21:00 – My first meeting with King Mark. It’s nice of him to make out that being the Royal Treasure Searcher is a big deal. We both know it isn’t but at least he’s making an effort. Also: I’ve been given more bears. I’ll try to look after them this time.

22:00 – Hur hur, your currency is called Plugens. What kind of lame-ass Empire are you running here exactly?

30:00 – First proper fight in the outside world and my army gets decimated. On learning this the King gives me 1,200 gold pieces. I should probably be pleased he expects so little of his Treasure Searcher.

33:30 – Over half way through and I’ve just found the equipment screen. I finally equip some of the stuff I’ve picked up over the last half hour, including a cart wheel which I’m using as a shield. I don’t know how me equipping a makeshift shield helps the rest of my army, the ones who do the actual fighting, but best not to dwell. I’ve also realise that I can buy additional troops for my army. The only unit I can command on mass however seems to be peasants. Apparently a treasure hunter with a penchant for getting bears killed just doesn’t have the leadership skills to lead soldiers with training and sense.

This dwarf loves to fly. He owns an airship. You can see that the games charaterisation is pretty damn strong.

34:00 – Have my first conversation with the King’s daughter. It was a little creepy. I think she was flirting with me. I’ve not got time to go and have a shower but God do I want one.

37:00 – Bees? It would seem the combat grids have random events in them. This one has what seems to be bees attacking whoever is closest at the end of the turn. Annoyingly this means I’ve lost a fair few peasants who are currently my most powerful unit due to the sheer number of them.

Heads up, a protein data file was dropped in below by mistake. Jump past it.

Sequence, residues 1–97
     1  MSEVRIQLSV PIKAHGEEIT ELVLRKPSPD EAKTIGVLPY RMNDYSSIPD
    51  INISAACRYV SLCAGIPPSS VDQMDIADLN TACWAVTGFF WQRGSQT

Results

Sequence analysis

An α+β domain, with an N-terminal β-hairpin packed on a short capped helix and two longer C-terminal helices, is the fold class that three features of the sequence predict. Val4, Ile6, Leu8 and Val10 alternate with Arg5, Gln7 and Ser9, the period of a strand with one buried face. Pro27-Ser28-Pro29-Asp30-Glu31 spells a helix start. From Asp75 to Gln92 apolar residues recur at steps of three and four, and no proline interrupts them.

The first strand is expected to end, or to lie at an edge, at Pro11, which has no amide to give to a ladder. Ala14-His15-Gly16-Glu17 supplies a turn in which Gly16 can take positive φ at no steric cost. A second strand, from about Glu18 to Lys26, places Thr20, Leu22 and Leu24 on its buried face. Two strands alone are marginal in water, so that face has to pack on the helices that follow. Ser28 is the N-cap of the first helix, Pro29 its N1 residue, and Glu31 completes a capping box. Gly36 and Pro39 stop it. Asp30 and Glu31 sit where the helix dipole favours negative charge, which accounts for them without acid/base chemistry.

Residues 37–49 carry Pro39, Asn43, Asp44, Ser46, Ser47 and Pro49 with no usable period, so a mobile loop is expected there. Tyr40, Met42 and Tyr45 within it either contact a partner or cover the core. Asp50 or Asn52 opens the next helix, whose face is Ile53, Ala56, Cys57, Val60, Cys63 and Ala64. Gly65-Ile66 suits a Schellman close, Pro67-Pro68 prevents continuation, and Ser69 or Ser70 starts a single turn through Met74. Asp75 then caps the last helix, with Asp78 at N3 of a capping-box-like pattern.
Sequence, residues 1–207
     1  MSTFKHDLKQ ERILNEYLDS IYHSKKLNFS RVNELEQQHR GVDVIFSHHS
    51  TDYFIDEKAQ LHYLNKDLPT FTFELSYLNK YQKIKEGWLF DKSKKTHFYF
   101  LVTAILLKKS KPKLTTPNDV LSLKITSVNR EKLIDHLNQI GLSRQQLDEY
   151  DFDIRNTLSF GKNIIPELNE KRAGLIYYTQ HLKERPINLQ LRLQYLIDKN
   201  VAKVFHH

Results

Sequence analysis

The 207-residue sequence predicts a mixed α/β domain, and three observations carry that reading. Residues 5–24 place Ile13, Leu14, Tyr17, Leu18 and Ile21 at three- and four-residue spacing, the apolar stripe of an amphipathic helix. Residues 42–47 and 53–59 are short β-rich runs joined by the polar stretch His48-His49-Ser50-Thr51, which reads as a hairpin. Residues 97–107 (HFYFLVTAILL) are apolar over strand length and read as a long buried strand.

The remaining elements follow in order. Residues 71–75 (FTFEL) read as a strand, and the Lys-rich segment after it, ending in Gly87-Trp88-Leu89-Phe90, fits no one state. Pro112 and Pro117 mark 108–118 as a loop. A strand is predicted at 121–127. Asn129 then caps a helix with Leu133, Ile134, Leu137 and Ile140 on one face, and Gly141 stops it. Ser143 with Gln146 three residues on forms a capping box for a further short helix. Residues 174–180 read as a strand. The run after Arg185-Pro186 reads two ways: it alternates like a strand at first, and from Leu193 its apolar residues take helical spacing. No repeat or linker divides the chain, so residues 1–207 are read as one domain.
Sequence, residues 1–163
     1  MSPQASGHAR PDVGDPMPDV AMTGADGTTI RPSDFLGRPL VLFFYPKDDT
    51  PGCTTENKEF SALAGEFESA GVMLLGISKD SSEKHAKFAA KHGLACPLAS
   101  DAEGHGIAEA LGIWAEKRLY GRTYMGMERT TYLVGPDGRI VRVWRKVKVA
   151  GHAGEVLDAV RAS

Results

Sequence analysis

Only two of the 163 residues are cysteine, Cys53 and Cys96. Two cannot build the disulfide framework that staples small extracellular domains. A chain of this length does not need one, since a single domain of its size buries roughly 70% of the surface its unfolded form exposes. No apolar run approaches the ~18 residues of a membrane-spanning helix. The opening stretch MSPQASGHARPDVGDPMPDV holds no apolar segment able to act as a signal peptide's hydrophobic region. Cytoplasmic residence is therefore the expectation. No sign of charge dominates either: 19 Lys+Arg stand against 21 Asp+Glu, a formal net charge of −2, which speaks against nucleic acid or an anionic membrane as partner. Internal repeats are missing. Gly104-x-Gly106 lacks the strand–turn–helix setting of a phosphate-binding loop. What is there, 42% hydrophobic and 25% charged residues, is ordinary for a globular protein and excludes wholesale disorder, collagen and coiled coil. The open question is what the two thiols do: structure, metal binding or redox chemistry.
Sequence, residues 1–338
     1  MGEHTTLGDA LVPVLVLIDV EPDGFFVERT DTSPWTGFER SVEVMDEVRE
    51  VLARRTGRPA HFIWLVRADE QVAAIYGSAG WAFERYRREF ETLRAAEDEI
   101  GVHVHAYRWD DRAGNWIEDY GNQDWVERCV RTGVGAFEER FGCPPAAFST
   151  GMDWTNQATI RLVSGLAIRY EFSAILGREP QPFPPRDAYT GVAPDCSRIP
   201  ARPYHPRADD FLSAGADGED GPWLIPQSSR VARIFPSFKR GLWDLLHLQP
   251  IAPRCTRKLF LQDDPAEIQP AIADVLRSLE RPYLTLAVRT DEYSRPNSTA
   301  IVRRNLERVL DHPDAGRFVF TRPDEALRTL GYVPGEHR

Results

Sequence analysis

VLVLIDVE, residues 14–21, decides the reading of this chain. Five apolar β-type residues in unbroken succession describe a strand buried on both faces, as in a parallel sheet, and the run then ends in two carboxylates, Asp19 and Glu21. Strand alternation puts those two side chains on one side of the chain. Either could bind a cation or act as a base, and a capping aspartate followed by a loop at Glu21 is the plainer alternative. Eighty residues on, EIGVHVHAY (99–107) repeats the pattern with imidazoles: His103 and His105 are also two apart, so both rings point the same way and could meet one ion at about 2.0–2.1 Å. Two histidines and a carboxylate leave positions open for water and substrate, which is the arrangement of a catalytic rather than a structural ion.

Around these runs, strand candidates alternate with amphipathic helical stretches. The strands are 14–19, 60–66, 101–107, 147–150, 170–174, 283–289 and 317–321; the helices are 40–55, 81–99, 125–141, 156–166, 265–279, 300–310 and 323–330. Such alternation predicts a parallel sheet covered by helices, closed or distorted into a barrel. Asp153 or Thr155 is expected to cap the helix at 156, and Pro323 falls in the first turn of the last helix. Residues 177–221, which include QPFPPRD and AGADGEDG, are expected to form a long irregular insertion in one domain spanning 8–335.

50:00 – My mission from the king was to bring to justice (which is fantasy game talk for ‘murder’) to a bunch of robbers and recover the 400 Plugens (*snigger*) that they stole. The robbers are dead thanks to my bears, who are awesome, but I’ve only recovered 300 Plugens from them. Time to wonder the map searchin’ for Plugens.

There's an inverse correlation between the awesomeness of the bears and the length of time I can keep them alive.

1:00:00 – The hour mark hits as I recover my 400th Plugen. Another enemy had spotted me, however, so I turn on the auto-combat and go about the important business of rolling a cigarette. The computer loses me two bears which is a little annoying but I can’t dwell on the past as I rush to the king to finish my first quest only slightly behind my self-made schedule. He pays me some gold that, on top of the extra gold I received for getting all my troops murdered earlier on, probably means it cost more money to retrieve the Plugens than just chalking the robbery up to experience. Oh well, as the say around the Empire: You pay Plugens; you get dead bears.


The story may be clearly hokum and the setting generic fantasy tosh, but overall this was an engagingly tactical game that scores points for not taking itself in the least bit seriously (yet). By the time I’d finished I’d already amassed a fair bit of gold, upgraded my character and taken on some new sidequests. In fact the most worrying thing here is that it could be an enormously addictive time sink. By all accounts the game is going to be huge and if I want any chance of seeing the light of day in the next month then I’m probably best just focusing my energy elsewhere and giving this an hour or two every once in a while.


2 Responses to “An Hour With, Day 1: King’s Bounty”

  1. 14/07/2009 at 06:24

    You got it right, King’s Bounty is a hugely addictive time sink. It’s pretty long and the formula remains the same until the very end, but the environments and foes are varied enough that you forgive the repetitiveness. There’s also the constant motivation of new spells and abilities…
    Forget about the story, I can guarantee that you’ll stop reading through the dialogue soon enough and that you’ll simply click through it to get the next quest. King’s Bounty is basically a game of grind (the enjoyable kind), and there’s really not much more to it.

    I personally enjoyed it, but seeing as you have too many stuff to play already, this may not be your best choice. You’d probably add 5 or 6 more games to that to-play list by the time you finish King’s Bounty. Keep this one in mind for those prolonged periods of boredom, though. It’s still loads of fun.